In general, I have no problem that McCain is not using a PC or a MAC, cannot use a BlackBerry or Twitter. According to Garrett Graff´s lecture last semster and Joe Trippi in the Revolution Cannot be Televised, Howard Dean did not get the Internet. But I do care, if he does not understand that the world is much more connected today than it was just 30 years ago. The Long Tail illustrated how business is changing, personal relations is changing thanks to Facebook and MySpace. Even national security is changing because of the impact of the Internet.    

Policies on Technology
Obama has proposed to create a Chief technology officer at cabinet level to work on issues like infrastructure, transparency, and crisis communication. On his website, Obama demonstrates that he has an insight and a willingness to work on tech issues like:  

* Better filtering systems for parents
* Safeguard rights for privacy
* Open up government for citizens
* Online town meetings
* Employ blogs, wikis, and social networking to modernize agencies to modernize governmental decision making

 

McCain has not developed a separate tech policy as part of his presidential campaign. Maybe he has intregrated tech into each issue, I have to admit, I have not read all his issues descriptions in details – so it might be hidden somewhere down there! But I did find this, and, for instance, McCain has supported the Technology Innovation and Manufacturing Stimulation Act. To overcome the digital divide, McCain suggests:

“there’s lots of ways that you can encourage corporations who, in their own self-interest, would want to provide — would receive tax benefits, would receive credit, and many other ways for being involved in the schools and upgrading the quality of the equipment that they have, the quality of the students, and thereby providing a much-needed, well-trained work force.”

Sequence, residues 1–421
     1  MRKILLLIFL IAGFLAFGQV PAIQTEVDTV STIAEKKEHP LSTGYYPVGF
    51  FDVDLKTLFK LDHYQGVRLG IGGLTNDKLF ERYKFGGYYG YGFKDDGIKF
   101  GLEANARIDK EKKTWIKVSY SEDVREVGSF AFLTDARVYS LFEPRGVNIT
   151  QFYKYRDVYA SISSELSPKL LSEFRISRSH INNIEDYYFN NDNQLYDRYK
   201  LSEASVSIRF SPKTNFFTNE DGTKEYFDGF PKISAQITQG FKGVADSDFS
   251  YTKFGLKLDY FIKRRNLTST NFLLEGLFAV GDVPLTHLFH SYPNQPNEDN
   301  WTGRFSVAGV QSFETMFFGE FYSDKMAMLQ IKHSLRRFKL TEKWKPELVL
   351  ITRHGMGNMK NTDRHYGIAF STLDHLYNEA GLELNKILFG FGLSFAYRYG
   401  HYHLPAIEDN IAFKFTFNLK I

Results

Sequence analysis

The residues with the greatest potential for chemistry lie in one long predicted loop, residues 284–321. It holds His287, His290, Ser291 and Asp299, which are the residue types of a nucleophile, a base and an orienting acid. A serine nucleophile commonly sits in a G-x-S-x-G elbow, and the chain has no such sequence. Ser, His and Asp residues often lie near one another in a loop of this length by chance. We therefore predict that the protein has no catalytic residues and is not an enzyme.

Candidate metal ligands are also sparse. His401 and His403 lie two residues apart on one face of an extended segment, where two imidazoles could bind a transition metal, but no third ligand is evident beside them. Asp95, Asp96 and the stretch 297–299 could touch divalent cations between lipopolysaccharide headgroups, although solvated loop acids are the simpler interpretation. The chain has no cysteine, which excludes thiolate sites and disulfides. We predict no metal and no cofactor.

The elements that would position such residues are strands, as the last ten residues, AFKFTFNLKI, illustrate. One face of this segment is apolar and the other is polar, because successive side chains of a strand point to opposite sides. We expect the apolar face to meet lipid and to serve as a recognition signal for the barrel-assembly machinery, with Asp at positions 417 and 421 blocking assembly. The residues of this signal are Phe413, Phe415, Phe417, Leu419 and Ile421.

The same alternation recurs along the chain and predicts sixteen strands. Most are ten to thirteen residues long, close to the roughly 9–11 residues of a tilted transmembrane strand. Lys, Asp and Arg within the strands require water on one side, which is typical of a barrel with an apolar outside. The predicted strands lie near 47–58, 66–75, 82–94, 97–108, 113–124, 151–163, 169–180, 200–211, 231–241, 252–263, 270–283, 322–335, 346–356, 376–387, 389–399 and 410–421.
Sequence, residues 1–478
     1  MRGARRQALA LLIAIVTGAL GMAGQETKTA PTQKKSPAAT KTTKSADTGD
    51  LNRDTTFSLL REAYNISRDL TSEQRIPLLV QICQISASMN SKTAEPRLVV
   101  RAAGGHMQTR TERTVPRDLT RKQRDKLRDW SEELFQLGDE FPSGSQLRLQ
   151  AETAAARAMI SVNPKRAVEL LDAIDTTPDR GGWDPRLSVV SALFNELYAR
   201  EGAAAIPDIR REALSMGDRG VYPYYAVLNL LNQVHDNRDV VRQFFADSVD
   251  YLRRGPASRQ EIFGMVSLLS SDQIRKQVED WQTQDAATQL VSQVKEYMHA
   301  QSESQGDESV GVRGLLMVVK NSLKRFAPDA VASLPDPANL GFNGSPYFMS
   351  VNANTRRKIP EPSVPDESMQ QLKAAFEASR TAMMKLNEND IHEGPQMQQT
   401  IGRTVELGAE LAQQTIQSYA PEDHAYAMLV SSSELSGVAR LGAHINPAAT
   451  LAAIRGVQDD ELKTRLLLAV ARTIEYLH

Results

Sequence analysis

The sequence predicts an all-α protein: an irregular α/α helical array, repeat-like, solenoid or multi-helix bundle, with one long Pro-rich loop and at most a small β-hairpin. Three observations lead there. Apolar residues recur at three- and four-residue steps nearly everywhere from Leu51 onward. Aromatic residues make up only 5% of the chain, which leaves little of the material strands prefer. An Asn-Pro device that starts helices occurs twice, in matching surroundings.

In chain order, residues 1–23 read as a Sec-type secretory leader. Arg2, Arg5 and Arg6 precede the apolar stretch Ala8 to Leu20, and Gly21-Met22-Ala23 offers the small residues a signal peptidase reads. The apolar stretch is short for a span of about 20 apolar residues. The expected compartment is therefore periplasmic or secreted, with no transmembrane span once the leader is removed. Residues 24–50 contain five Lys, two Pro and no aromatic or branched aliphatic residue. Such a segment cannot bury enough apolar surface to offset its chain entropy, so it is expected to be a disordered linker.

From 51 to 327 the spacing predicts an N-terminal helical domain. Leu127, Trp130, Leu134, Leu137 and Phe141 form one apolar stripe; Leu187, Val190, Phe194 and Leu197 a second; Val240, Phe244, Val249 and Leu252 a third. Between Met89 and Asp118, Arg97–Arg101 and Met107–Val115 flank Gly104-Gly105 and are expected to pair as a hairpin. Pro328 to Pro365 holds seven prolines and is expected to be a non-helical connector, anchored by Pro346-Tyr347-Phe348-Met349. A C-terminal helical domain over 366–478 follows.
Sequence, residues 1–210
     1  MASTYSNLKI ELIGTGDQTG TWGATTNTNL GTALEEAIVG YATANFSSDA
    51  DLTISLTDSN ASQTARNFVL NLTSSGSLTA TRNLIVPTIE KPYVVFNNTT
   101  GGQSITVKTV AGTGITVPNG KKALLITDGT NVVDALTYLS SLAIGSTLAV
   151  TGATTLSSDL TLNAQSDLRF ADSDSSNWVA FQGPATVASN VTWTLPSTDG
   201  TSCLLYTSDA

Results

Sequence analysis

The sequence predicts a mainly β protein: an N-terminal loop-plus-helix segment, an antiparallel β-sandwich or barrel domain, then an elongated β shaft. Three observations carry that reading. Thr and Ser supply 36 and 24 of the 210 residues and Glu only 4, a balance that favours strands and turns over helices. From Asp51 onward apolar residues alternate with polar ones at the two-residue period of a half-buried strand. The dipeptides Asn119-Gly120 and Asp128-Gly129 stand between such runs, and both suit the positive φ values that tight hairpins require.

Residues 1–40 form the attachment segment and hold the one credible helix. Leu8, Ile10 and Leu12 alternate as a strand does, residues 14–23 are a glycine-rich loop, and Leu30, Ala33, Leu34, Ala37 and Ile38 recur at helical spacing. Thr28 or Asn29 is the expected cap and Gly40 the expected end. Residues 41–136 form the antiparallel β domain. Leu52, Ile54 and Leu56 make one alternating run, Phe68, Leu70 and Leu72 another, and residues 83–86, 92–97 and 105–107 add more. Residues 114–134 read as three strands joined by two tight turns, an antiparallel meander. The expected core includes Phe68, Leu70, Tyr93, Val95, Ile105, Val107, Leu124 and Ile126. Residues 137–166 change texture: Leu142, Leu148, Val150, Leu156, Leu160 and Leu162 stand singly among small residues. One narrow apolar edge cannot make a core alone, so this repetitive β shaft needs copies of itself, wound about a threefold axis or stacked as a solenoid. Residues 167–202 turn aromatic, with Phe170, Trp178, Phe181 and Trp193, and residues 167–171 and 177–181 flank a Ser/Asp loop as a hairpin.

McCain is aware of the Internet, but asking corporate America in invest in tech infrastructure isn’t that the same as asking them to invest in highways?

 

 

 

 

 

 

 

 

 

 

 

 

 

 

 

 

Voter-Generated Content

The democratic ideal of voters being in charge of elections might, in general, be an illusion but social media offers a tool to fulfilling the ideal. Robert Scoble wrote more than a year ago when the campaigns took off: “Any one of us can post a video that´ll change the outcome of this election. That video will get found thanks to the much more efficient word-of-mouth network that is social media.” Besides video, voters are generating everything from t-shirts, blogs, news, to bumper-stickers, but what does it mean?

 

Videos such as YouTube have been predicted to take over this campaign. Hundred thousands of videos are uploaded everyday. So far, none of the candidates have “suffered” from a Macaca moment as George Allen did in the Senate race in Virginia in 2006. Researching for this blog entry, I stumbled upon a debate on TechPresident in the fall 2007 about who is running the best Web campaign – Mike Huckabee or Ron Paul? In the end, everyone agrees that Ron Paul ran the best campaign online. I got curious to check out what Huckabee did. Unfortunately, Zephyr Teachout did not link to any of the sites she is mentioning, and I could not find the videos on the campaign site (now turned into a PAC site with only archives going back to March) – except for the YouTube channel that the campaign had created. Huckabee shared voter-generated videos on a daily basis on his campaign website – Obama, Clinton, or McCain do (did) not encourage or share voter-generated videos on their sites. What does it mean? According to Teachout: